This means that around 80 per cent blocks of the state have already dried up and four per cent are on the verge of it.

Water availability at 3 to 10 meters, which needs a centrifugal pump to extract water, is the most desirable, but currently, water is available at 20 to 30 meters, or more than 30 meters down, in around 84 per cent of Punjab.

Reasons for this scarcity:

More water is being drawn than it is being replenished. The rate of water extraction in Punjab is 1.66 times against the rate of replenishment.

Because of the adoption of a faulty cropping pattern. Paddy crop hampers water recharging because of the puddling method used to prepare fields for transplanting.

What needs to be done?

Farmers must be incentivised to choose cropping patterns that require less water, and go for drip irrigation or other water management mechanisms to save our only available deeper aquifers.

Anti-defection law, for independent legislators

(GS-II: Indian Constitution- historical underpinnings, evolution, features, amendments, significant provisions and basic structure)

In News:

Independent MLA from Gujarat’s Vadgam constituency, Jignesh Mevani, has pledged support to the Congress party, saying though he has not formally joined the Congress, he has joined the party’s ideology. Hence, provisions of the Tenth Schedule do not apply in this case.

Relevance: the Tenth Schedule of the Indian Constitution:

Popularly known as the anti-defection law.

It specifies the circumstances under which changing of political parties by legislators invites action under the law.

It was added to the Constitution by the 52nd Amendment Act.

It includes situations in which an independent MLA, too, joins a party after the election.

The law covers three scenarios with respect to shifting of political parties by an MP or an MLA. These include:

  • When a member elected on the ticket of a political party “voluntarily gives up” membership of such a party or votes in the House against the wishes of the party.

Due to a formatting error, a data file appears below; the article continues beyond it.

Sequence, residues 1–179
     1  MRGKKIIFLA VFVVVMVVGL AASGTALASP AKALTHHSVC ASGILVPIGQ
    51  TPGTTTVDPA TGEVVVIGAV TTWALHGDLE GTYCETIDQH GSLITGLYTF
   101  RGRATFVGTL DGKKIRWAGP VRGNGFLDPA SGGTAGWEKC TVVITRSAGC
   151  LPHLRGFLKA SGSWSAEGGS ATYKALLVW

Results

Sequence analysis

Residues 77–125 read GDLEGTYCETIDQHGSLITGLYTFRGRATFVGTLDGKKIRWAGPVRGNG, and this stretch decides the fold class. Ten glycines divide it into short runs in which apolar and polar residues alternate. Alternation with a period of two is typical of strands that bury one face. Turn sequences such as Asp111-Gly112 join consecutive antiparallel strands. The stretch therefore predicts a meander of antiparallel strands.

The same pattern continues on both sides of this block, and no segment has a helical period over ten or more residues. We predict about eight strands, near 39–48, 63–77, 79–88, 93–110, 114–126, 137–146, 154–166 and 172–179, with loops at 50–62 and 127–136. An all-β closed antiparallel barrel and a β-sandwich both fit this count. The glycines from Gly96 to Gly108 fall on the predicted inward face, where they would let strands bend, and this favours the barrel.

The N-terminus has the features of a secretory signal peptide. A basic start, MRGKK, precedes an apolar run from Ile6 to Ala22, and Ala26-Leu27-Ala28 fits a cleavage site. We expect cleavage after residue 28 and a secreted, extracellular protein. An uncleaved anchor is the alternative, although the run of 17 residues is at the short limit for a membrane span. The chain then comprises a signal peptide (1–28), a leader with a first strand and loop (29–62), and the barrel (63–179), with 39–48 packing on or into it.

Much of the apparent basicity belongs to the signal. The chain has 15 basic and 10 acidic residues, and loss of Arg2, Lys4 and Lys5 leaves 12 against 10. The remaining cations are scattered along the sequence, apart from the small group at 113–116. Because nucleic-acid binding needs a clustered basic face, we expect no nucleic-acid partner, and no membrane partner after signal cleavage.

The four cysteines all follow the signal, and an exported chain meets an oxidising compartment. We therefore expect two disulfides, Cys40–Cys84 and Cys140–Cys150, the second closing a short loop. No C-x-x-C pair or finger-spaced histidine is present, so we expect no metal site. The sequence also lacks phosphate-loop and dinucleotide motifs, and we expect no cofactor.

• When a legislator who has won his or her seat as an independent candidate joins a political party after the election.
  • In the above two cases, the legislator loses the seat in the legislature on changing (or joining) a party.
  • Relates to nominated MPs. In their case, the law gives them six months to join a political party, after being nominated. If they join a party after such time, they stand to lose their seat in the House.

Matters related to disqualification:

Under the anti-defection law, the power to decide the disqualification of an MP or MLA rests with the presiding officer of the legislature.

The law does not specify a time frame in which such a decision has to be made.

Last year, the Supreme Court observed that anti-defection cases should be decided by Speakers in three months’ time.

However, Legislators may change their party without the risk of disqualification in certain circumstances. Exceptions:

The law allows a party to merge with or into another party provided that at least two-thirds of its legislators are in favour of the merger.

On being elected as the presiding officer of the House, if a member, voluntarily gives up the membership of his party or rejoins it after he ceases to hold that office, he won’t be disqualified.

Bhagat Singh

(GS-I: The Freedom Struggle – its various stages and important contributors/contributions from different parts of the country)

In News:

28th September is the birth anniversary of revolutionary freedom fighter Bhagat Singh.

Key facts about him:

Bhagat Singh was born in 1907 in Lyallpur district (now in Pakistan), and grew up in a Sikh family deeply involved in political activities.

In 1923, Bhagat Singh joined the National College, Lahore which was founded and managed by Lala Lajpat Rai and Bhai Parmanand.

In 1924 in Kanpur, he became a member of the Hindustan Republican Association (HRA), started by Sachindranath Sanyal a year earlier.

In 1928, HRA was renamed from Hindustan Republican Association to Hindustan Socialist Republican Association (HSRA).